Go the extra mile to look after the needs of your groups and you’ll reap the rewards through glowing reviews, hearty recommendations and repeat business. You only get one chance to make a first impression – for hotels, this occurs during the planning stages of a group trip.
Here, in the first part of this 3-part series, are some simple ways to improve your groups’ experience prior to their arrival…
Communication - From your first interaction with a potential customer, communicate and respond in a clear, efficient and timely manner. Don’t make assumptions – go through the details and pre-empt potential issues. Ask about a group’s reason for travel. If it’s a special occasion, an anniversary or a birthday, consider how you could exceed their expectations – a card or glass of Prosecco on arrival perhaps? You never know, this may lead to further revenue opportunities if they decide to order a bottle!
Arrival / Departure Details - In the build up to the trip, make sure you know exactly when your group intends to arrive and depart, and plan accordingly. If arriving by air, get flight numbers; if arriving by bus, ask for the driver’s phone number so you can be in direct contact on the day of arrival.
Clear Agreement with the Group - Ensure a clear payment and cancellation plan has been established, including flexibility for amendments to the booking where possible. Expectations of both the group and the hotel must be shared, otherwise misunderstandings will arise.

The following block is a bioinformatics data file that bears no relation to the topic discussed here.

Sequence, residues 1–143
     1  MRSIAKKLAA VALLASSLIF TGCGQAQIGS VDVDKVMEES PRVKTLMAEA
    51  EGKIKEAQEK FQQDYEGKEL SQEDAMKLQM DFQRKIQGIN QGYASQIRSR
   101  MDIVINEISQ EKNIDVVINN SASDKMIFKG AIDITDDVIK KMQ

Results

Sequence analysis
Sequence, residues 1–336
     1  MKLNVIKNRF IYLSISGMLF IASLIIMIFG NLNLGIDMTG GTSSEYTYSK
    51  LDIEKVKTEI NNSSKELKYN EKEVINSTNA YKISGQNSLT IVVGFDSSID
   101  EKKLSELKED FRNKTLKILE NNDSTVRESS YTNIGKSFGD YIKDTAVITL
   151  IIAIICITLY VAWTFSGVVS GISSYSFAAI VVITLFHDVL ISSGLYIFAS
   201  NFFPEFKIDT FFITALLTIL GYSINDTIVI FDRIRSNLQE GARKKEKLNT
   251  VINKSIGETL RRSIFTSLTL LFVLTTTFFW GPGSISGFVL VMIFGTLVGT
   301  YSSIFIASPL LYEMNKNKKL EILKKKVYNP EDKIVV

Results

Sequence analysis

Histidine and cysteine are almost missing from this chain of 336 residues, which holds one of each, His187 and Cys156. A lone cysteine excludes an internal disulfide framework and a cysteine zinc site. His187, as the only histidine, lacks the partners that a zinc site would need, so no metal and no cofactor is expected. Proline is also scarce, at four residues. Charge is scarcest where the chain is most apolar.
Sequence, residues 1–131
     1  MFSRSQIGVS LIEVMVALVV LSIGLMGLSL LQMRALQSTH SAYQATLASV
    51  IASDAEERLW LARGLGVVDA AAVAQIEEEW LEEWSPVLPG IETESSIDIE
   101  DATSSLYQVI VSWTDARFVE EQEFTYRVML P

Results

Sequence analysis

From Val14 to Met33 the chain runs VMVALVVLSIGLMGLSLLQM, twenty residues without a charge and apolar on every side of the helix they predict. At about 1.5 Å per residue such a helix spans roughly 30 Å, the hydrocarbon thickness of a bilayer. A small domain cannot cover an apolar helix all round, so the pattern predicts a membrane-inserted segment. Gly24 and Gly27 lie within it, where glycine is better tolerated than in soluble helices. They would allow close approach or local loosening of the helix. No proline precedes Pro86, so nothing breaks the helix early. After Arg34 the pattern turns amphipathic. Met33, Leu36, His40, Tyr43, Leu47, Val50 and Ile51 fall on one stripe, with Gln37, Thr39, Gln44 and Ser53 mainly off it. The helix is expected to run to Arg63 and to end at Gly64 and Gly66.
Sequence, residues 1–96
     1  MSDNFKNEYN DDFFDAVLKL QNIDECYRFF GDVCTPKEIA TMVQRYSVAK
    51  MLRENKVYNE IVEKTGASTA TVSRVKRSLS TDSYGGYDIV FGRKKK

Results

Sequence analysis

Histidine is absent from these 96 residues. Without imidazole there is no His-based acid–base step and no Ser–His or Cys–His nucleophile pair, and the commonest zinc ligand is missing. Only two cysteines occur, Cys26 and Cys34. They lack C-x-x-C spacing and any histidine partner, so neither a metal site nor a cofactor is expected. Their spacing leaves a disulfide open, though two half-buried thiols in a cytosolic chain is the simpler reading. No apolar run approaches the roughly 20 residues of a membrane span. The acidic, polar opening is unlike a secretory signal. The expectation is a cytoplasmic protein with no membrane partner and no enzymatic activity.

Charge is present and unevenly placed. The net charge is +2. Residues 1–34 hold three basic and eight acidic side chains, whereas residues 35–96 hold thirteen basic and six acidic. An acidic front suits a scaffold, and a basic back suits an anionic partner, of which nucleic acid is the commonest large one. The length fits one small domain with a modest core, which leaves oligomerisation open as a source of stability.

Dietary Requirements and Menu Planning - Try to find out any special dietary requirements in advance and be ready to cater for them. Are any group members lactose intolerant, diabetic, vegetarian or vegan? Sports groups may appreciate high protein / high carb options, whereas some religious groups may require Kosher or Halal foods. If the group are dining with you more than once, consider changing the menu to give them some variety. Send sample menus to the group organiser (though emphasise these are only sample menus, just in case changes to the menu are made).
Room Requirements - Do the group want their rooms to be situated together or apart? Do any rooms need to be wheelchair accessible? Exceed a group’s expectations by pre-empting their needs. If a group includes babies and young children, for example, ensure you have cots and camp beds at the ready.
Activity Planning - Be generous with upsell offers, such as wine or spa treatments, and plan rainy day activities. The last thing you need is a miserable group, confined to your hotel because of bad weather, with nothing to keep them occupied or entertained. Think films, spa, cocktail making, etc.
Look out for Part 2 next month, when we’ll be considering how to look after groups on arrival and during their stay.